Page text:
Josh and I received some good questions today in our TechEd 2007 talk on writing for MSDN Magazine and TechNet Magazine. Here are the answers to a few of the questions that were asked. We'll post again with more questions (and answers) from the week as we receive them. Thanks for being interested!
Q: If I want to write an article for the magazine, does that mean I shouldn't blog about the same thing?
A: No, it definitely doesn't mean that. We encourage experts in particular topics to write for both magazines, and experts frequently talk about the same subject through multiple venues... doing so is one of the things that publicly establishes the expert as an expert in the first place. So, it's perfectly fine to blog about a topic and also write articles on that same topic. What's not acceptable is reusing the same content from a blog post in your magazine article. A good guideline: if you're writing both the blog post and the article from scratch, and you're not referring to one while writing the other, unless you have a photographic memory you're probably in the clear. If you're at all concerned, please let us know about your previous postings and we can then work together to figure out whether there's a problem and, if there does turn out to be one, how best to handle it for everyone involved.
Q: Is there a minimum/maximum length for an article?
A: Practically, yes, but don't let that get in your way of writing an article. It depends on the magazine, but most of the articles for MSDN Magazine are in the 3000 to 6000 word range, while for TechNet Magazine the typical article is a bit shorter. That said, we frequently have articles that fall outside of this range. If you write a brilliant article on a topic that's really important to us, but it's only 1500 words, no problem; we may be able to keep it at that length, or we may be able to identify pieces of it that could bear being flushed out a bit, thus increasing the length (our average lengths are based on what we feel is a sweet spot for covering the right amount of depth and breadth in most articles). And, conversely, if your article comes in at 9000 words, but after reviewing it we agree with you that all of them are necessary, again we'll figure out how to make it work, be it splitting it up into two articles, cutting the length of other articles in the issue to account for your article's overflow, or the like. Advice I like to give: write the article until you consider it's done; at that point we can take stock of where we are, whether there's material that can be cut or important material that should be added, and so forth. And as we've said in the past, we're very interested in working with you to make sure your articles are the best they can be, so come to us with any questions or concerns you might have along the way.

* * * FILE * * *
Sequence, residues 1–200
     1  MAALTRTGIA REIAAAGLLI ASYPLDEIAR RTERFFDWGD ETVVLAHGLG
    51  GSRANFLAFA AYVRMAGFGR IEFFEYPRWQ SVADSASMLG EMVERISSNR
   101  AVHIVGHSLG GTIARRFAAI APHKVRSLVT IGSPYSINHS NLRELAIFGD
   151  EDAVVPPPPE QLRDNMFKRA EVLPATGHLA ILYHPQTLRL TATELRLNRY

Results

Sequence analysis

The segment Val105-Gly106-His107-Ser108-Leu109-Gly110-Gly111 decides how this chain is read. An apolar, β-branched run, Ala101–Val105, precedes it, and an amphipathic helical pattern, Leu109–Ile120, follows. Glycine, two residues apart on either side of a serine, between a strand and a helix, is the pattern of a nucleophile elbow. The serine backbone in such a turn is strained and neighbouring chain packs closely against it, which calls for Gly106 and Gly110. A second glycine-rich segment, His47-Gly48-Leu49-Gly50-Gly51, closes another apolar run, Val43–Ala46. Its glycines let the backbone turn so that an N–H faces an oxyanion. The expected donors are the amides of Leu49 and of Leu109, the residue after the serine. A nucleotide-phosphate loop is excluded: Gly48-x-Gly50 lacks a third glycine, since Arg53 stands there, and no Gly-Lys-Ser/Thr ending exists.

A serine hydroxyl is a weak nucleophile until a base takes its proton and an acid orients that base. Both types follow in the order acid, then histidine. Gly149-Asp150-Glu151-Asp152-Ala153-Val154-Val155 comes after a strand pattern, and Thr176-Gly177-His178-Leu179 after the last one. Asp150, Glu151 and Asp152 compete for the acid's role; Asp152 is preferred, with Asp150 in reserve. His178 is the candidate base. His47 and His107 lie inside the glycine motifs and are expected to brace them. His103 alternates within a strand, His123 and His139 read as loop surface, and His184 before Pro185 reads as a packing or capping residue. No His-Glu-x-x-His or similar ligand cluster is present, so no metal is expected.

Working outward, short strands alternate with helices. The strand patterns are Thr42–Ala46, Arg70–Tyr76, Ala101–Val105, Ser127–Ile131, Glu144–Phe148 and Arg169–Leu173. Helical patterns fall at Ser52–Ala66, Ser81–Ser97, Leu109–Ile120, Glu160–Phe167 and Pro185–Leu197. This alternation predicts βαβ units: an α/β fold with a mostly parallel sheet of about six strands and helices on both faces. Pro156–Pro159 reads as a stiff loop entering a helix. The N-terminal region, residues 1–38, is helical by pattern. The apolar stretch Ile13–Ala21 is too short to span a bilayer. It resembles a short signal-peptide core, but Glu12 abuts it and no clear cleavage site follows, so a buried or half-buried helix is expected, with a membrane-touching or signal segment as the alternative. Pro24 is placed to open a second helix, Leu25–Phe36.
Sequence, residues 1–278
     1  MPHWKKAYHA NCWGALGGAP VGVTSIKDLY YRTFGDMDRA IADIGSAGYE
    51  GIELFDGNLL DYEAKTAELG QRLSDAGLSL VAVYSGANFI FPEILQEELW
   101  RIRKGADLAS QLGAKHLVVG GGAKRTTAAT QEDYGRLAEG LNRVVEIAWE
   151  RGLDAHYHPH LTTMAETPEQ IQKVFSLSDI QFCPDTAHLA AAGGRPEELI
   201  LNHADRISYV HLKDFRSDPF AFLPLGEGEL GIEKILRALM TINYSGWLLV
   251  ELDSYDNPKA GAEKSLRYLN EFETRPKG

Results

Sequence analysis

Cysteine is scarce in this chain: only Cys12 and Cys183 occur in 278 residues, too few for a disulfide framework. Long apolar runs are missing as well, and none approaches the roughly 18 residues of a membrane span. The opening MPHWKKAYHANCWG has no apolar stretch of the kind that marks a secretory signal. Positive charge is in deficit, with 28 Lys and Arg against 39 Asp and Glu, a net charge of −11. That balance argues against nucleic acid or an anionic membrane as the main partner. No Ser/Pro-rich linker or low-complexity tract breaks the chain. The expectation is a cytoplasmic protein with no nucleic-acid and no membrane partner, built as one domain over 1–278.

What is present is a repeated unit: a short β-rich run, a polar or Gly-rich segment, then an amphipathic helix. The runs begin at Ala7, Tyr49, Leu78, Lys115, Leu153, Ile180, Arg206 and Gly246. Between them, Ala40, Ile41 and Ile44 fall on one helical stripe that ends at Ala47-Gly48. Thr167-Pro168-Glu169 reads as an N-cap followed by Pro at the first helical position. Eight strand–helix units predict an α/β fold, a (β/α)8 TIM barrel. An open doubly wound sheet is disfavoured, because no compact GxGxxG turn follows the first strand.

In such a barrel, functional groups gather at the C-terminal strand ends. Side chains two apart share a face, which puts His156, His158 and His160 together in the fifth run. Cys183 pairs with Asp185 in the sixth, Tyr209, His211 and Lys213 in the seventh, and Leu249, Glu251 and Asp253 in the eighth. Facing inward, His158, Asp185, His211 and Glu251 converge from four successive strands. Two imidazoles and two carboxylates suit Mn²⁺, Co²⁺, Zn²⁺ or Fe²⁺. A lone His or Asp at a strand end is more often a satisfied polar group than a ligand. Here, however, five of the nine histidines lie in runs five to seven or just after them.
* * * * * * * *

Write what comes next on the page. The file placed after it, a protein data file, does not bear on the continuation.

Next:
Q: If I write about 3rd-party products, do I need permission from the relevant vendors?
A: We actually try to stay away from covering 3rd-party products in articles in the magazine. It introduces various tensions that are best for us to avoid. If there's a specific case you have in mind, please talk to us.
Q: If I want to write about SharePoint, is that best suited to MSDN Magazine or TechNet Magazine?
A: Yes. ;) It depends on the actual topic you're writing about. Like with SQL Server and several other Microsoft technologies, there are dev topics and there are IT topics. For example, if you're writing about best practices for writing Web Parts for SharePoint, that's better suited to MSDN Magazine, whereas if you're writing about how to best deploy Web Parts to 100,000 seats, that's much better suited to TechNet Magazine. Of course, some topics strattle the divide, and it may be partially applicable to both audiences. The good news is that both magazines are published by the same team (our team): do your best to guess which magazine is more appropriate for your article, but if we disagree, we'll throw it over the fence to the other magazine for consideration there.
Q: Can I submit proposals related to technologies that aren't as mainstream as ASP.NET, Windows, and the like? For example, can I write about XNA?
A: Absolutely. We're interested in proposals having to do with development and IT with all current and future Microsoft technologies and products (as long as they're not too future... it still needs to be relevant to development today). If you've got a great idea for an article, send it our way. Submissions for MSDN Magazine can be sent to firstname.lastname@example.org, and submissions for TechNet Magazine can be sent to email@example.com.